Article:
Those civil libertarians, banging on about inmate abuse inside Los Angeles County jails for years, have finally seen their cause come under scrutiny. Did it take so long because regular citizens think it's okay for sheriffs to beat inmates? Let's face it, they did something wrong to get in there, right?
Yes, these people have done wrong to society. But their punishment is to be incarcerated, not beaten in addition to having their freedom restricted. So for a deputy to taze an inmate and claim that he was trying to prevent the inmate from escaping, then to be proved lying by the video (where he's shown tazing the handcuffed inmate a second time) is reprehensible.
So when the FBI started an investigation, it shouldn't have just been the civil libertarians who showed excitement, it should have been every person with any scrap of humanity. But perhaps that shows our liberal bias? It's hard to seem nonchalant while under investigation by the FBI, but Sheriff Lee Baca pulled it off, downplaying the extent of the abuse.
His turnaround was pretty sharp though. He started out by saying "We are the most progressive law enforcement agency in America when it comes to accountability." Yet he followed it up at the end of last week with this quote when interviewed by the Los Angeles Times: "I wasn't ignoring the jails. I just didn't know. People can say, 'What the hell kind of leader is that?' The truth is I should've known. So now I do know."
That wasn't enough, not for Supervisors Mark Ridley-Thomas and Zev Yaroslavsky, who are proposing a panel similar to the Christopher Commission that took a hard look at the LAPD after the Rodney King beating. And we agree with Yaroslavsky: "Deep and long term solutions to our problems in the jail need to be articulated frankly, publicly, with a group of independent citizens."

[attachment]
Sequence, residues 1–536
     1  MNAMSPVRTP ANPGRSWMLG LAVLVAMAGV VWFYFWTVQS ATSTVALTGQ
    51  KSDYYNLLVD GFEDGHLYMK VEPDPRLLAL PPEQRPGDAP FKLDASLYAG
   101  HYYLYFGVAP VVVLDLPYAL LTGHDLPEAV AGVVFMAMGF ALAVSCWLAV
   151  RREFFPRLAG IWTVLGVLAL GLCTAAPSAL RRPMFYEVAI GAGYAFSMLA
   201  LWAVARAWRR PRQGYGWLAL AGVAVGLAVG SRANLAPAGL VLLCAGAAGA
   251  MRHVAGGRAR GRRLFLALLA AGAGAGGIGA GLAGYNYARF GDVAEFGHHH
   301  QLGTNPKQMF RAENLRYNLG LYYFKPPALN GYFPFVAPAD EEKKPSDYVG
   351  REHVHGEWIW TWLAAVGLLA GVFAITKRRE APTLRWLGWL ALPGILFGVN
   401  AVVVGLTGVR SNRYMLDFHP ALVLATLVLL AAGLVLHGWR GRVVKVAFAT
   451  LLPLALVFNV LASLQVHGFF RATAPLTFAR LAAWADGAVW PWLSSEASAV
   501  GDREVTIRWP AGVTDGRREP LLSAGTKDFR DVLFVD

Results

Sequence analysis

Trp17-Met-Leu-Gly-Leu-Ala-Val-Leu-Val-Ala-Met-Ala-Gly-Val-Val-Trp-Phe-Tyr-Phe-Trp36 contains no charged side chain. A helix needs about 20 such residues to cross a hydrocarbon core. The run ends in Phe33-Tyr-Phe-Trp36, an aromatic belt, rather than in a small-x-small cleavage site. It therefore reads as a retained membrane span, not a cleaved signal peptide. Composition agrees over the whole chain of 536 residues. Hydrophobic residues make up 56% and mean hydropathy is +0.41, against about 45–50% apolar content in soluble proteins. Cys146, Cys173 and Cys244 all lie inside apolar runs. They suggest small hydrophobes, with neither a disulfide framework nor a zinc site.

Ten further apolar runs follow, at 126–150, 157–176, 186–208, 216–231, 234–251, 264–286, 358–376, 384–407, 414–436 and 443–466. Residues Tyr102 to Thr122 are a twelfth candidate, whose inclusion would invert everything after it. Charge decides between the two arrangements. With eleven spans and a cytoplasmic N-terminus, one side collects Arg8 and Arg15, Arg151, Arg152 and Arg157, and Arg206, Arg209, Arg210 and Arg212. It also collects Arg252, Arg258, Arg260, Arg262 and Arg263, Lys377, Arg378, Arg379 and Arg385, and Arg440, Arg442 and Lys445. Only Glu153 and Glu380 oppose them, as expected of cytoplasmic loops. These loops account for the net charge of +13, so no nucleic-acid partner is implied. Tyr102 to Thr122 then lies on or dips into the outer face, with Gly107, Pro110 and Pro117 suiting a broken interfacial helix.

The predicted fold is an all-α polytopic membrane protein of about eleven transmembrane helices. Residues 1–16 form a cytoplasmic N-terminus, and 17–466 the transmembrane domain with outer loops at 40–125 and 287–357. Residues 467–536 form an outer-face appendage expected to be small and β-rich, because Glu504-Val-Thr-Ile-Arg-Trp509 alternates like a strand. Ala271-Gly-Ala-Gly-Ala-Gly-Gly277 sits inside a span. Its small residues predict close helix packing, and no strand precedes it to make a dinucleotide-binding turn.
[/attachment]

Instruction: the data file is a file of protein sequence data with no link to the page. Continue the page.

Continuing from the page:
And here's why: since Baca is independently elected by L.A. County voters, he would be under no obligation to follow any recommendations by Supervisors or by a citizen's commission. But the idea is that this kind of panel would carry enough political weight to apply enough pressure to make Baca instigate some changes.
The witness accounts are shocking, even from inmates who were only in a county jail for a week or so before charges were dropped, and even prison chaplains. And according to Merrick Bobb, special counsel to the board of supervisors for about 20 years, the big part of the problem is not the few deputies who are engaging in excessive use of force, it's the large number of deputies that cover it up.
Of course, this is a huge abuse of power by the deputies at the Los Angeles County jails, and we feel it doesn't matter if the abuse of power is directed at our criminals, it needs to be stopped.
Have you been the victim of police brutality, in prison or on the streets? Have you had your civil rights violated by the police, or another citizen? Have you been accused of a crime you haven't committed? Please call the Law Offices of Glew & Kim immediately after shooting on 866-416-2161, or use our online form for a Free Case Analysis. We believe in equal access to justice for all, and we're here to help.
- See more at: http://glewkimlaw.com/blog/2011/10/18/an-inquiry-into-inmate-abuse-in-la-jails-finally-in-progress/#sthash.0zqyN3MZ.dpuf